Statistics that Miss the Mark(et)

By Mike V.

What does hydroelectric power generation cost? This is a question everyone instinctively realizes has a wide range of answers depending on the available water source. Before any discussion of cement prices or permitting costs, it is intuitive that respective costs per output at a flat, dry plain are nearly infinite those at a gushing waterfall. With history as a rough guide, and assuming that all the good spots have not be taken, hydroelectric financial costs are likely reasonable with high water current at large altitude drops and uncompetitive elsewhere. The extension I would like to draw from this is that statistics, such as national averages of rainfall or altitude changes, are often meaningless. Florida consistently ranks in the top five states by rainfall yet produces less than 0.1% of its generated electric power by hydro (www.eia.gov/electricity/state/florida/index.cfm). Even targeted statistics can be misleading.

The reason I am addressing this issue is that legitimate markets are often masked by such statistics. Perennially, journalists and analysts are asked, “Is a hybrid car worth it?” Limited in words, or wanting a conclusive answer, they pick yes or no. But accurate math suggests this is akin to the hydroelectric dam problem. Given the NPV factors of upfront incremental cost and financing rate from the car dealer, the annual fuel savings varies broadly by consumer. Rather than use the canonical 12,000 annual miles per car in America, consider that 6% of new cars log over 30,000 miles per year, 19% over 20,000, and conversely 16% under 6,000 miles (Transportation Energy Data Book, cta.ornl.gov/data). In the spirit of this article, readers should demand that I go further into local gasoline prices and individual driving patterns, but length prohibits me. The opposite 30/70% mix of gasoline/diesel car registrations in Belgium and the Netherlands (www.acea.be) is a reminder of how narrow local factors can be in demand for automotive technologies.

Using Consumer Reports’ overall mileage for a four-cylinder Toyota Camry versus its hybrid counterpart with $3.55 per gallon gasoline, a driver logging 20,000 miles per year saves $761 annually with the hybrid version. A driver logging 6,000 miles per year saves only $228 annually. With a hybrid incremental cost of about $3500, a price carefully masked by Toyota offering different options, the economics are favorable at 20,000 annual miles over the car’s expected lifetime with comparable maintenance and low financing costs. The hybrid option is economically pointless at 6,000 annual miles. This is why hybrid taxis are popular in Europe where Toyota, the primary hybrid brand, was never particularly successful. More importantly, consider the seemingly high 4.3% of light vehicles sold in the US in August, 2013 being hybrid or plug-in electric. This is historically high and appears driven by fashion, but it is only a fraction of the segment where an electric powertrain is economically sensible to its basic alternative. Other efficiency technologies may eclipse today’s hybrids, and hybrid options are not available for all vehicle categories; the argument here is that thriving markets may exist underneath factual but irrelevant statistics.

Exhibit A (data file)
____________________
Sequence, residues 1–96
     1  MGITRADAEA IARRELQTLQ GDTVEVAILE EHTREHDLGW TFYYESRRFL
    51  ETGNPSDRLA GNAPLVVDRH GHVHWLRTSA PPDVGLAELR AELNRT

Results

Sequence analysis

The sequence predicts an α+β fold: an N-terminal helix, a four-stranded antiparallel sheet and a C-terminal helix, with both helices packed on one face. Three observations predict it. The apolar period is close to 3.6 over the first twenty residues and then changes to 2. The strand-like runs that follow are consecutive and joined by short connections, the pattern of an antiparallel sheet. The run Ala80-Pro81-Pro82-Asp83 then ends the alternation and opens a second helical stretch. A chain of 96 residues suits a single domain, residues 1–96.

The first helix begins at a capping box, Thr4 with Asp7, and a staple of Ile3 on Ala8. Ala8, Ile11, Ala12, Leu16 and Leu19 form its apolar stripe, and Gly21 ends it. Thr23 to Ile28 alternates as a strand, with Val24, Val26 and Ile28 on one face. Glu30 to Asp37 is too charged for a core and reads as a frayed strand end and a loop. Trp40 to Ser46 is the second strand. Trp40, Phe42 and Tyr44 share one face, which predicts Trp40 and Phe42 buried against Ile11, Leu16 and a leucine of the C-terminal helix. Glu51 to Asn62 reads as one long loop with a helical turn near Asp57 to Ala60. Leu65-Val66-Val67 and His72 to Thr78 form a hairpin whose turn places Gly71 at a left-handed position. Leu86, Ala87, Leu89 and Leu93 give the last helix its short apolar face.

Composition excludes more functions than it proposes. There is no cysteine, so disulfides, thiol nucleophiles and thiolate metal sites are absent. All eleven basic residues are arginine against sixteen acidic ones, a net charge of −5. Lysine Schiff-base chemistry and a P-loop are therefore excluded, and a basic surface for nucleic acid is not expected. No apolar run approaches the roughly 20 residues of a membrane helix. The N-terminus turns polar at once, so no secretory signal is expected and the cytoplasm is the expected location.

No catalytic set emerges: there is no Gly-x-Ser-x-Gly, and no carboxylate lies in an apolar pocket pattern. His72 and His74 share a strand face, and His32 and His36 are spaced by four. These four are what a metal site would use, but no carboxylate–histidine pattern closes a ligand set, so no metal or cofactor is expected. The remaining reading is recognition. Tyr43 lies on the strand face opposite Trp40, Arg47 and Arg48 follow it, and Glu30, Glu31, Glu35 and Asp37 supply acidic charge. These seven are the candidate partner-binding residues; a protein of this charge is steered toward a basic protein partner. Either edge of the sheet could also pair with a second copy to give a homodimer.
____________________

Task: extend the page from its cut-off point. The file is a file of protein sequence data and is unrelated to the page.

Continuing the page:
Similar to hydroelectric power is solar power. Chile, by total land average, receives less sunlight power than the contiguous forty-eight US states. However, particular northern and southern regions receive different sunlight power by a factor of about six. The latest government bulletin on expected solar installations (http://cer.gob.cl/boletin/septiembre2013/ReporteCER-%20Sep-dise%F1o%20pm.pdf) shows nearly 5 GW of upcoming projects beyond the environmental approval stage and 2 GW in earlier stages. On any reasonable estimate of project completion, these numbers discounted for evenings are significant for the country with 18.3 GW of capacity (http://www.centralenergia.cl/en/power-plants-chile/). This project pipeline grew in mid-2012, years after enthusiasm for solar power faded to cost concerns across the globe. Assuming generally rational behavior by power asset owners and government policies, solar is economically sensible in northern Chile despite national geographic averages suggesting otherwise. Similar narratives in solar around proximity to transmission, on-site demand, and even roofing materials could show that averages miss potential markets.

As managers and investors, we would certainly prefer energy projects that “always” make sense. Lower- weight automotive parts at minimal or negative incremental costs, LED replacements for commercial lighting, etc. will have the largest markets. Still, it is often worth dissecting market data further in cases of average “no” as considerable markets with positive NPV’s may still exist.

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About macomberjohnd

HBS Finance faculty interested in sustainability in the built environment including devices, structures, townships, and cities.

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